Browsing by Subject "Healthcare workers"

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  • Helanterä, I.; Janes, R.; Anttila, V-J (2018)
    Background: Influenza A(H1N1) causes serious complications in immunocompromised patients. The efficacy of seasonal vaccination in these patients has been questioned. Aim: To describe two outbreaks of influenza A(H1N1) in immunocompromised patients. Methods: Two outbreaks of influenza A(H1N1) occurred in our institution: on the kidney transplant ward in 2014 including patients early after kidney or simultaneous pancreas-kidney transplantation, and on the oncology ward in 2016 including patients receiving chemotherapy for malignant tumours. Factors leading to these outbreaks and the clinical efficacy of seasonal influenza vaccination were analysed. Findings: Altogether 86 patients were exposed to influenza A(H1N1) during the outbreaks, among whom the seasonal influenza vaccination status was unknown in 10. Only three out of 38 vaccinated patients were infected with influenza A(H1N1), compared with 20 out of 38 unvaccinated patients (P = 0.02). The death of one out of 38 vaccinated patients was associated with influenza, compared with seven out of 38 unvaccinated patients (P = 0.06). Shared factors behind the two outbreaks included outdated facilities not designed for the treatment of immunosuppressed patients. Vaccination coverage among patients was low, between 40% and 70% despite vaccination being offered to all patients free of charge. Vaccination coverage of healthcare workers on the transplant ward was low (46%), but, despite high coverage on the oncology ward (92%), the outbreak occurred. Conclusion: Seasonal influenza vaccination was clinically effective with both a reduced risk of influenza infection and a trend towards reduced mortality in these immunocompromised patients. Several possible causes were identified behind these two outbreaks, requiring continuous awareness in healthcare professionals to prevent further outbreaks. (C) 2017 The Healthcare Infection Society. Published by Elsevier Ltd. All rights reserved.
  • Koivisto, Karoliina; Puhakka, Laura; Lappalainen, Maija; Blomqvist, Soile; Saxen, Harri; Nieminen, Tea (2017)
    Healthcare workers (HCWs) pose a risk to themselves and their patients if not protected against vaccine preventable diseases. Alarmingly, lacking immunity has been reported in several studies. We assessed the immunity against vaccine-preventable diseases in 157 pediatric HCWs in Helsinki Children's Hospital. The HCWs enrolled answered a questionnaire and gave a serum sample. Antibodies were measured with EIA against MMR-diseases, tetanus and diphtheria toxins, Hepatitis B (HBV), Hepatitis A (HAV), varicella zoster and pertussis toxin. Neutralizing antibodies against poliovirus 1, 2 and 3 were measured. All of the HCWs had antibodies against tetanus and 89.8% against diphtheria. All had measurable levels of polio antibodies to all three polioviruses. 41% had suboptimal levels of antibodies against at least one of the antigens tested: MMR-viruses, diphtheria, HBV or polio. Measles, mumps and rubella antibodies were detectable in 81.5%, 89.2% and 93%, respectively. Only one HCW had no varicella-antibodies. Hepatitis B surface antibodies (HBsAb) were detected in 89.8% of the nurses. 67.5% had HAV-antibodies. A poor correlation between detected antibody levels and reported vaccination history was noticed, indicating a need for a universal record system for registering the vaccines given to each individual. (C) 2017 Elsevier Ltd. All rights reserved.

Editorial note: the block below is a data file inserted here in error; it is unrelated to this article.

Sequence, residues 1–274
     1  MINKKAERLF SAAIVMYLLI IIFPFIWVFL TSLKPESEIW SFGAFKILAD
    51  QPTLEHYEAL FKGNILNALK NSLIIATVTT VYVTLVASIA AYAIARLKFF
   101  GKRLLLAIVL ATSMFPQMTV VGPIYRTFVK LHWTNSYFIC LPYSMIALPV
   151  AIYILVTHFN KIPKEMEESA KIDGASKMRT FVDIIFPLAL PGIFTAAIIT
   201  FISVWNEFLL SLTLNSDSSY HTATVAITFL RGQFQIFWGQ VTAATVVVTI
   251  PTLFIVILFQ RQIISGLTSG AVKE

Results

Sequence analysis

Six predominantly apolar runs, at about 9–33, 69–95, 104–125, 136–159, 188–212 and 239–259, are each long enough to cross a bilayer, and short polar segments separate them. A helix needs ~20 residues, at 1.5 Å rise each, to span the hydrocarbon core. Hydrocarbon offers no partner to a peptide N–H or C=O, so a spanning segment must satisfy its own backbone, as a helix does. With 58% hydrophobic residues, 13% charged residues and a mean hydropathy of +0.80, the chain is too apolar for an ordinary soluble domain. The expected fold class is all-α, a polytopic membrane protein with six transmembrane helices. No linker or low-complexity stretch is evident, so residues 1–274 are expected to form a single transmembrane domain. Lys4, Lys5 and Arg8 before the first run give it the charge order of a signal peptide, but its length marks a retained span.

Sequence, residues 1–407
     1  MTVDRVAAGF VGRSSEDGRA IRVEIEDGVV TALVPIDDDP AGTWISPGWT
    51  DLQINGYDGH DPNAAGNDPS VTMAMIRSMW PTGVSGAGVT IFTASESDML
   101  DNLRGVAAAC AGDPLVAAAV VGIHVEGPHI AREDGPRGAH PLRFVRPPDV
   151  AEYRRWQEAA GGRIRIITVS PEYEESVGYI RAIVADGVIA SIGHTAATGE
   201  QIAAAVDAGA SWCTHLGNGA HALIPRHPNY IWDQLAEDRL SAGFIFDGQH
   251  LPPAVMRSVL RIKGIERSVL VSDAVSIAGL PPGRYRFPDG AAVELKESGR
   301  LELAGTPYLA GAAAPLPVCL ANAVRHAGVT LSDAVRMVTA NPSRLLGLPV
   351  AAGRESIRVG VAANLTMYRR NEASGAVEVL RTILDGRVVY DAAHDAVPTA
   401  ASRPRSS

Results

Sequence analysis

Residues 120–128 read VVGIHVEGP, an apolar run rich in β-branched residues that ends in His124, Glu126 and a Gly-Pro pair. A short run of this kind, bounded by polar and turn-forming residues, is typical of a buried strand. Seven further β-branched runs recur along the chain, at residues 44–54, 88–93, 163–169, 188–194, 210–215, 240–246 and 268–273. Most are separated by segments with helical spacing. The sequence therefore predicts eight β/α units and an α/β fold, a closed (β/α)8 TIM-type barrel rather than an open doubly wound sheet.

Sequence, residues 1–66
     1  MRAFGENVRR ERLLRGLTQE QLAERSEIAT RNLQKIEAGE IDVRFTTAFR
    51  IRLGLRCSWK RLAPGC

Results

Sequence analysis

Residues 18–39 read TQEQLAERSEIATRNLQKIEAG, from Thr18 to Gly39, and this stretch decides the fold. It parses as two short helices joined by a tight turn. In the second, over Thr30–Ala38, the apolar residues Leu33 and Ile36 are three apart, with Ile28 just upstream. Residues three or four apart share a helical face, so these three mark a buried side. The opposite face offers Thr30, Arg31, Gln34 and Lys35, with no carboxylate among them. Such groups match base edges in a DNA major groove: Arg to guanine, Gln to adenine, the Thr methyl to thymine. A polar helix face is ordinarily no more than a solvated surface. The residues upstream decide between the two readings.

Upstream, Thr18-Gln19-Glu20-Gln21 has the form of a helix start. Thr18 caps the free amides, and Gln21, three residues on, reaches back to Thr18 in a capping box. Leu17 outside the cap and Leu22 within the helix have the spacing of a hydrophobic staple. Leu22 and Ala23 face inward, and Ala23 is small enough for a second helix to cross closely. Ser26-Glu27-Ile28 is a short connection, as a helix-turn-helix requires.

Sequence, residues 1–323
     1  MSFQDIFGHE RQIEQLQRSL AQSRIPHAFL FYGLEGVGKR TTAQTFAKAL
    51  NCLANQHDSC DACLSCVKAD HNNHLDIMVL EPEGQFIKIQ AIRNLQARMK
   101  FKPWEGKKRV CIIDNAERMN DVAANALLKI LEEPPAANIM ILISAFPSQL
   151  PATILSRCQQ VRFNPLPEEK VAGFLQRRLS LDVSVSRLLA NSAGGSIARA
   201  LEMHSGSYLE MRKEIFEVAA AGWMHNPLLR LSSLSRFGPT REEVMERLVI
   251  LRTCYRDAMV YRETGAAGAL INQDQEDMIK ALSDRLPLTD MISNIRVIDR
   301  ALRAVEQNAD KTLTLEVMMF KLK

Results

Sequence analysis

• Koivisto, J.-M.; Multisilta, Jari; Haavisto, Elina (2017)
    This paper considers the potential benefits of gamification from the perspective of surgical patients' quality of care. There is little published data on gamifying the work of healthcare professionals even though the use of serious games in healthcare has been growing. Literature on the quality of care shows that patients are often satisfied with the care they have received. However, research indicates that deficiencies exist in patient education, in patients' opportunities to participate in and have impact on decision making regarding their care, and in prevention and management of complications. Workplace culture is significantly connected with the incidence of patient complications. Gamification of healthcare workers' daily work routines could have positive effects on nurses' ownership and the meaningfulness of their work, and on the prevention and management of complications, which would in turn improve the quality of care for surgical patients. In this paper, a hypothetical gamification case is presented and directions for future research are discussed.